No, the application would not be POSIX-compliant, but it would be running on a POSIX-compliant OS. I was confused by the comment I replied to because it sounded like he was saying that POSIX compliance was more likely in "modern" applications, but if anything the opposite is the case.

POSIX compliance is much more common in consumer OSes nowadays, to the point that every major desktop and mobile platform is built on a POSIX-compliant kernel and runtime except for Microsoft's offerings. In that sense POSIX has taken over the non-Microsoft world, but now it's being used as a much lower-level compatibility layer for system-level frameworks rather than what it was originally designed for.

Even Windows has had multiple POSIX implementations over the years, they were just built as compatibility layers on top of the native APIs. So POSIX-compliant operating systems are almost universal at this point, but POSIX-compliant applications/daemons/etc. (all the programs that run on those POSIX OSes) are rarer than ever.


it sounded like he was saying that POSIX compliance was more likely in "modern" applications

Yes. Part of this is because more operating systems are approaching POSIX-compliance; but the number of patches we need to port random Linux code to run on FreeBSD has dropped tremendously over the past 20 years.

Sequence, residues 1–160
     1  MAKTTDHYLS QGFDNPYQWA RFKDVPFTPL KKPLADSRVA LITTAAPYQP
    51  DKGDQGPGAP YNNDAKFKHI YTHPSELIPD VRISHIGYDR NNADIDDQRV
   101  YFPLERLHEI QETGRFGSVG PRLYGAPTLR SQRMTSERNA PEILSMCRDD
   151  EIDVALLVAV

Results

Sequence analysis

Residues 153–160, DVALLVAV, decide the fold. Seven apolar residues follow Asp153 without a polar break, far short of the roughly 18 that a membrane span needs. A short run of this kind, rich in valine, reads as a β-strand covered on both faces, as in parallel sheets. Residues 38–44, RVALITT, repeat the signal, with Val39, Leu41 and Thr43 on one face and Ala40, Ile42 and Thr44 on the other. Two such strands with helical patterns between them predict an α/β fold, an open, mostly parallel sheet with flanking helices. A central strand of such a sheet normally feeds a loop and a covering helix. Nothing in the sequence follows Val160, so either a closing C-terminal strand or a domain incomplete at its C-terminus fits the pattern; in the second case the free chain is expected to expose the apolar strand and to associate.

>is the application I write still POSIX-compliant?

Obviously not, since you can't go and compile it on another POSIX system -- you are "abstraction compliant" (or rather "abstraction dependent" now.


Try to write a modern iOS, OS X, Windows, Android, ChromeOS UWP with standardized POSIX interfaces.


> Try to write a modern iOS, OS X, Windows, Android, ChromeOS UWP with standardized POSIX interfaces.

You're confusing popularity with being outdated.

It's irrelevant if some vendors intentionallly go out of their way to avoid implementing any standard interface which, in the very least, can't be controlled by them.

And it's also absurd that you're quoting platforms which even restrict which programming language can be used to write applications purely due to their business strategies.


"You're confusing popularity with being outdated."

POSIX was supposed to be popular to the point of default way that apps were written. It failed. Whereas there's quite a bit of portable apps on (insert framework here). They succeeded with many running on non-UNIX OS's, too. You'll need those or similar things in your code instead of POSIX for truly, portable apps. That's his point.